Our group is interested in molecular mechanism that regulate signaling molecules and in the exploration of such mechanism for the rational design of inhibitors. We particularly focus on protein kinases, epigenetic reader domains of the bromodomain family, phosphatases and complexes of these targets with regulatory proteins. Protein kinases have attracted a lot of attention as targets of therapeutic intervention in particular for the treatment of cancer and inflammation. This family also constitutes one of the largest protein families currently targeted by pharmaceutical industry. Due to the largely conserved active site and the large number of protein kinases in the human genome, development of specific inhibitors is a challenging task. However, structures of kinase inhibitor complexes have identified a number of strategies (such as inhibitor binding to inactive conformations and allosteric sites) that can be explored for the design of selective inhibitors. To facilitate drug development we have screened we have worked on against a library of commercially available ATP mimetic inhibitors. The large amount of accumulated screening data provides insight about the drugability of a certain target, initial hits for further development of inhibitors and cross-reactivity of commercially available inhibitors that are often used as tools in cell biology.
The Chemical Biology group is made up of a number of sub-groups:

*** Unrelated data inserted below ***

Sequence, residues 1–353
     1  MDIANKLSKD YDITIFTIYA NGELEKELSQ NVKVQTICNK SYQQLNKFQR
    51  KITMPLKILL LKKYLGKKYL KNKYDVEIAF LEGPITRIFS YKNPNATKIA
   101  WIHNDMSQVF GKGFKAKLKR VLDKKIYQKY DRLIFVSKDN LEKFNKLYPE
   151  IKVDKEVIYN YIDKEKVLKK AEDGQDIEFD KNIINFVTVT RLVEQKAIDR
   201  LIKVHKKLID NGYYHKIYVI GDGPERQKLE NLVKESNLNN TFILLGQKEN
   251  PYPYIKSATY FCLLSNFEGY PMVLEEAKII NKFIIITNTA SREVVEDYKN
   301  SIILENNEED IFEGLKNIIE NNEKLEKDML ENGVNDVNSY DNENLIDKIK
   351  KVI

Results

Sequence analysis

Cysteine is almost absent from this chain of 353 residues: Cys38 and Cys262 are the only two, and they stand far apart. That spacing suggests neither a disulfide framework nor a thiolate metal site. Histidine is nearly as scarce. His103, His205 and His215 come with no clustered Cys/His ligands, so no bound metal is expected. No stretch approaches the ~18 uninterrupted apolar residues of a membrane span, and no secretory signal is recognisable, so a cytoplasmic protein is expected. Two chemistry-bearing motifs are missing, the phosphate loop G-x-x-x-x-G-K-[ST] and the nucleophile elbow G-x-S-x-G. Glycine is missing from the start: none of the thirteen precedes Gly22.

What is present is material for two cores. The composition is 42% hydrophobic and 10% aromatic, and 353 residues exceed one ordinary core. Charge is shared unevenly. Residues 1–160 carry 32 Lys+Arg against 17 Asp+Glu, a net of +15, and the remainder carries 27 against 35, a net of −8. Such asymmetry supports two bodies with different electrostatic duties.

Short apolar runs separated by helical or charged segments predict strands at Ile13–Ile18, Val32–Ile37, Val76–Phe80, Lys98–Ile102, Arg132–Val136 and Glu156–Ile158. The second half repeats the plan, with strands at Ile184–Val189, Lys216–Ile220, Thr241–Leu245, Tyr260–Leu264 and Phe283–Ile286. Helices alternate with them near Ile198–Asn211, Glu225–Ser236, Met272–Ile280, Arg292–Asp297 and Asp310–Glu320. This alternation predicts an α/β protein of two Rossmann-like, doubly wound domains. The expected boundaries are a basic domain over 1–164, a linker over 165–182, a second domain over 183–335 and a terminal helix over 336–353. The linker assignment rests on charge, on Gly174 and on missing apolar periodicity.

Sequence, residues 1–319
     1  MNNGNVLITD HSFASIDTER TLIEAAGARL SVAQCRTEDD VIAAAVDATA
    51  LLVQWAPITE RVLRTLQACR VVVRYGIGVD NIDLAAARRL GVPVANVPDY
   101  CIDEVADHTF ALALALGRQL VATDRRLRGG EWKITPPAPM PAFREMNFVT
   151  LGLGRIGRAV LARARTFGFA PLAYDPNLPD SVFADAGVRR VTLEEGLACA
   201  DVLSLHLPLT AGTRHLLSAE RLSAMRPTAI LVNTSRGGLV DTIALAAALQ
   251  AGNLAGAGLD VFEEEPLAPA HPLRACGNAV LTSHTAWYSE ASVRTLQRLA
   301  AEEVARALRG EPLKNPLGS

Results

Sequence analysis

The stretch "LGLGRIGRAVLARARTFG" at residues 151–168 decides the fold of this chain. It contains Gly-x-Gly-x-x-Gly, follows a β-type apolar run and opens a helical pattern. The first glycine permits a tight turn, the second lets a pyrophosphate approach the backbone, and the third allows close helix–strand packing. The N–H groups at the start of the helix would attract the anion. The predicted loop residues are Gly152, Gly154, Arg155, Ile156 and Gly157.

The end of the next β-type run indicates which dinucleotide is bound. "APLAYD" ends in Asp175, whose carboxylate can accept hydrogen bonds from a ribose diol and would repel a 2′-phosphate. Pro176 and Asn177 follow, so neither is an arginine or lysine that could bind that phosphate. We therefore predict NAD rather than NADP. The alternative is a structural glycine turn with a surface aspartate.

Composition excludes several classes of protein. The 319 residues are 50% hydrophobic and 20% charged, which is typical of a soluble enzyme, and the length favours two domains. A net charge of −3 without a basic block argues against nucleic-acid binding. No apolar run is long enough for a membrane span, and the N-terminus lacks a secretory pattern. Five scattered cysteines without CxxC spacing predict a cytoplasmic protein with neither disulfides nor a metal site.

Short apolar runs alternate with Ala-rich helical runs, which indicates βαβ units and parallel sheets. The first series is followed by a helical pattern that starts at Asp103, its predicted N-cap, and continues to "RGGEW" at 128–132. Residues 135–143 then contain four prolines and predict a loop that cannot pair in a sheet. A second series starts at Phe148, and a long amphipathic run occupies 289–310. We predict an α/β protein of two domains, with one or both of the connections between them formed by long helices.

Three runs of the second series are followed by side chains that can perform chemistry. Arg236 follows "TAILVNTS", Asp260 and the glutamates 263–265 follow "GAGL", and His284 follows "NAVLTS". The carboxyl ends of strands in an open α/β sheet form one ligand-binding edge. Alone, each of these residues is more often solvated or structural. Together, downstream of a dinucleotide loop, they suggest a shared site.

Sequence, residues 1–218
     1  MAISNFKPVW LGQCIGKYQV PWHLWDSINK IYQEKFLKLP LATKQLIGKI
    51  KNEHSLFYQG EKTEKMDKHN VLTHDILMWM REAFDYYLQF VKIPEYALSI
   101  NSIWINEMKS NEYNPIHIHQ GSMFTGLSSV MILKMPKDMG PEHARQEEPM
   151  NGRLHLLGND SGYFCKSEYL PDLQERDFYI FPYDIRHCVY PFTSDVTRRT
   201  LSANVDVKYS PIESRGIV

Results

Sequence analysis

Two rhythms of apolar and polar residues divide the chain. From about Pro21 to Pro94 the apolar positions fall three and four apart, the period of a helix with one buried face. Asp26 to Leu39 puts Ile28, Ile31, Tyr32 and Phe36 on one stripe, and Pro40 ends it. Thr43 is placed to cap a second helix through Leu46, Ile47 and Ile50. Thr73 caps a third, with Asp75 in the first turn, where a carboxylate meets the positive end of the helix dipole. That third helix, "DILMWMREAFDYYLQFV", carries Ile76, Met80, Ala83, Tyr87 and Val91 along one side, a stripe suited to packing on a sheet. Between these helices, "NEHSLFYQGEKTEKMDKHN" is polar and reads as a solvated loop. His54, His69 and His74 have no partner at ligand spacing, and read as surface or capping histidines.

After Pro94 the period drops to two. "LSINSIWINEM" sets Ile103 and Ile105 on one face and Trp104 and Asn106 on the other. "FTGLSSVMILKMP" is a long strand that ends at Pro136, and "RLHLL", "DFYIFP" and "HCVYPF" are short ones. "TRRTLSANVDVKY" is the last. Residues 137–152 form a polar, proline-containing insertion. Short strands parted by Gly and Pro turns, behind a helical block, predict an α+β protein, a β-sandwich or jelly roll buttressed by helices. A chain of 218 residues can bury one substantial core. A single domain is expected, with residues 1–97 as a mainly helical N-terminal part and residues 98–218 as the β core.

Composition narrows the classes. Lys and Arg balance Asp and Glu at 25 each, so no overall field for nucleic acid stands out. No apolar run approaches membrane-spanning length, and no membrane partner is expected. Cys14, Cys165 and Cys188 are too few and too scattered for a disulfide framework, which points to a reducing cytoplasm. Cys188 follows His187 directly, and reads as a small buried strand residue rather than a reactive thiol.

Sebastian obtained his PhD at the Max Planck Research Unit for Enzymology of Protein Folding (Halle, Germany) working on peptidyl-prolyl cis/trans isomerases. He joined the SGC in 2012 to investigate kinases linked to Parkinson's disease. In doing so, he collaborates closely with Boehringer-Ingelheim.
Fiona Sorrell graduated with a Masters degree in Chemistry from the University of Sheffield in 2008, spending a year in France at the Université Paul Sabatier Toulouse III studying the process of wine oxidation by electrochemistry as part of her degree program. Her final year research project was the study of bactieral cell wall peptidoglycan structure by atomic force microscopy. She remained in Sheffield to complete a PhD and short post-doc in the lab of Professor Beining Chen, primarily working to screen and characterise small molecule inhibitors of anthrax toxins as part of a collaboration with the Health Protection Agency at Porton Down. She moved to Oxford in 2012 to work at the SGC, initially working in Alex Bullock’s Growth Factor Signalling and Ubiquitination group to study E3 ubiquitin ligase complexes, and subsequently joining Stefan Knapp’s kinase team to focus on kinase structural biology and inhibitor discovery.